Blue light from light-emitting diodes elicits a dose-dependent suppression of melatonin in humans.

  title={Blue light from light-emitting diodes elicits a dose-dependent suppression of melatonin in humans.},
  author={Kathleen E. West and Michael R. Jablonski and Benjamin Warfield and Kate S. Cecil and Mary James and Melissa A. Ayers and James Maida and Charles K. Bowen and David H Sliney and Mark D. Rollag and John P. Hanifin and George C. Brainard},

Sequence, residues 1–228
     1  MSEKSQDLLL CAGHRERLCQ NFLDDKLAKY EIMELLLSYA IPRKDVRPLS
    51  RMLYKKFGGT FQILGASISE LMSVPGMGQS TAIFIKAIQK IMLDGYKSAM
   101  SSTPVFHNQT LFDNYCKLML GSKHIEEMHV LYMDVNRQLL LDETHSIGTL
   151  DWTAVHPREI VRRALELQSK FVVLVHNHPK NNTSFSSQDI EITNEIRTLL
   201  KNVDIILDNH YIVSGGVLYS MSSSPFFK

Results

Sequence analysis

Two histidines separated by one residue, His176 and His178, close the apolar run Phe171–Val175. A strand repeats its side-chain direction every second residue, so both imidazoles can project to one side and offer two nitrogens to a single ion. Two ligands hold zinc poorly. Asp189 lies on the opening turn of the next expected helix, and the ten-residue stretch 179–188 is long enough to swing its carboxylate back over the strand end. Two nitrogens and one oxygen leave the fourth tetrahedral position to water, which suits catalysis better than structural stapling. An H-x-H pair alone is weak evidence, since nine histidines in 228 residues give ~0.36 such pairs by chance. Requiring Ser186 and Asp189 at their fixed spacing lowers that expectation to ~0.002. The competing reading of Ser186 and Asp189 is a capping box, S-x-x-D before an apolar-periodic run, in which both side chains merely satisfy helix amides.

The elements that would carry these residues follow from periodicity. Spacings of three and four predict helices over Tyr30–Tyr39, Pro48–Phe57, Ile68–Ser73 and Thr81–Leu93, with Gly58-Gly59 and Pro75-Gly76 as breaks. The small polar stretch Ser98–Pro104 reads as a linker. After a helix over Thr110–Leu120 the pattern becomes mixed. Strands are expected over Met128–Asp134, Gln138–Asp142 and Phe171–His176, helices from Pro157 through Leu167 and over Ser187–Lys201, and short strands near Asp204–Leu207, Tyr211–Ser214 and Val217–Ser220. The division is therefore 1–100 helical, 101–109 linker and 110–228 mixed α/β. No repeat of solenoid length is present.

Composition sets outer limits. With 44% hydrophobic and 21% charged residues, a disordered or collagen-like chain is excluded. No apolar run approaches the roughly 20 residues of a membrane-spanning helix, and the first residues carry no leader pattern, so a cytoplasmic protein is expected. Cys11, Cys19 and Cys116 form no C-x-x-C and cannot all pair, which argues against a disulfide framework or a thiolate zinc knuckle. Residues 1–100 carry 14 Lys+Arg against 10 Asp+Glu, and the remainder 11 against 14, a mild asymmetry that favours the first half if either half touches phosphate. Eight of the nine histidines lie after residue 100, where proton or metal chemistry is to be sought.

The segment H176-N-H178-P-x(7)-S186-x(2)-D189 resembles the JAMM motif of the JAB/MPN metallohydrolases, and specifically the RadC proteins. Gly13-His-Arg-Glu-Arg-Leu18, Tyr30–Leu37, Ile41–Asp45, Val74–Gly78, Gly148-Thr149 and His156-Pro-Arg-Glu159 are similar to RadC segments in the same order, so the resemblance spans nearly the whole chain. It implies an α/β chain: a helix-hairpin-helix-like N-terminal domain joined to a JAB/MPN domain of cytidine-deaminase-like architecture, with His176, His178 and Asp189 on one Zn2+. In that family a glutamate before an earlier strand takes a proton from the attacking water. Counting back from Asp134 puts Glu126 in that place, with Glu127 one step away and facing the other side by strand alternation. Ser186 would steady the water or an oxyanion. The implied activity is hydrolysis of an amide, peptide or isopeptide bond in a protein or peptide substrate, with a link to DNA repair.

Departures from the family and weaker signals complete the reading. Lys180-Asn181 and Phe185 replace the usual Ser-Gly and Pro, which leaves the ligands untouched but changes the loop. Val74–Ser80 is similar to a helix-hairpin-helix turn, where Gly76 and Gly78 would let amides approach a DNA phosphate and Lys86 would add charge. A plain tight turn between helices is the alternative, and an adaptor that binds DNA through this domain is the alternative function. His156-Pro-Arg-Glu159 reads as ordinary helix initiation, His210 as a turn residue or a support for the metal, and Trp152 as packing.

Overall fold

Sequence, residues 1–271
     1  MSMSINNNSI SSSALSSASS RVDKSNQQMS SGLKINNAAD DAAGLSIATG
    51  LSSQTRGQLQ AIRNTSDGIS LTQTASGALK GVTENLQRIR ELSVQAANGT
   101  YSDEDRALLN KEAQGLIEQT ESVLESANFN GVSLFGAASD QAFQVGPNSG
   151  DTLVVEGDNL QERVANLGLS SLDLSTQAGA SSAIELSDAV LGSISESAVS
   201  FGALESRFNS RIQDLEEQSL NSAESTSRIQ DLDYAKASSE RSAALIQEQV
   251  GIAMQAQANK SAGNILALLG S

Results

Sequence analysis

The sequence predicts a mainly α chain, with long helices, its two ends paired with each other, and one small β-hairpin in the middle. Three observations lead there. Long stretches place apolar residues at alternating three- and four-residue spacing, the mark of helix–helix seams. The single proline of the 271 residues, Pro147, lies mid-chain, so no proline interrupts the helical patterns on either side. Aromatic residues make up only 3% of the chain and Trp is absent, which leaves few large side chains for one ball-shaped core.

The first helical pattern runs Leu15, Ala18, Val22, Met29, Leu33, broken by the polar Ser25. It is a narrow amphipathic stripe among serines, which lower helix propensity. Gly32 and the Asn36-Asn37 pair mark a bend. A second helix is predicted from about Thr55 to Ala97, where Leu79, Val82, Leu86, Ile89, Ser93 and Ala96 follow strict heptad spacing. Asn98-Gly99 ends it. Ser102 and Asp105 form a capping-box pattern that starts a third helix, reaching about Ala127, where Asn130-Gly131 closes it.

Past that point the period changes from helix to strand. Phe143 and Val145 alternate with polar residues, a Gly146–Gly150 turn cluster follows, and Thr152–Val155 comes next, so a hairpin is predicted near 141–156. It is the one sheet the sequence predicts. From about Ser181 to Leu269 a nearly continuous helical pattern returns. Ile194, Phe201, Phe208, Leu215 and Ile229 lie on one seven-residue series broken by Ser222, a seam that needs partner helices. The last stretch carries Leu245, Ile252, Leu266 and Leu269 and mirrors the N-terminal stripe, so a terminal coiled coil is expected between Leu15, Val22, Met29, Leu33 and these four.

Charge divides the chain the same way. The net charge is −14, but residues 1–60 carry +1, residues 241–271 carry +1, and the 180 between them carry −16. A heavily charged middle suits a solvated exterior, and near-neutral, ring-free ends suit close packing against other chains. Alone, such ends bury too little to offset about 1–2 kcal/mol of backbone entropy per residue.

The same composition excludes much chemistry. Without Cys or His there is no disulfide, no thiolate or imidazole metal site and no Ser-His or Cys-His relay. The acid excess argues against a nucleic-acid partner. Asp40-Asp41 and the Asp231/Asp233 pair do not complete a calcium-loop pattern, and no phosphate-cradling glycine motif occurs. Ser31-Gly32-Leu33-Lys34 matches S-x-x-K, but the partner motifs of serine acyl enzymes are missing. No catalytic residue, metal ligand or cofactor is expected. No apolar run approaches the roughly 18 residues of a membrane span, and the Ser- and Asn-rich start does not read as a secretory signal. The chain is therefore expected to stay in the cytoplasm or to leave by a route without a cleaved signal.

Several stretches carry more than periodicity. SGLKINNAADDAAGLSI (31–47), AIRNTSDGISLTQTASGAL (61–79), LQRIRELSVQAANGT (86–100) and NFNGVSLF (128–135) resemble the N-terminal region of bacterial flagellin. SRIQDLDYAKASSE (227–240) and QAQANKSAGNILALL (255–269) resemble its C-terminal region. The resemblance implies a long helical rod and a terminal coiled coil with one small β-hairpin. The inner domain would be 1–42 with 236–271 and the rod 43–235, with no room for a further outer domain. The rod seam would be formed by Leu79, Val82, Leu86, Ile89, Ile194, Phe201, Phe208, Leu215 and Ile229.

journal={Journal of applied physiology},
  volume={110 3},
Light suppresses melatonin in humans, with the strongest response occurring in the short-wavelength portion of the spectrum between 446 and 477 nm that appears blue. Blue monochromatic light has also been shown to be more effective than longer-wavelength light for enhancing alertness. Disturbed circadian rhythms and sleep loss have been described as risk factors for astronauts and NASA ground control workers, as well as civilians. Such disturbances can result in impaired alertness and… 

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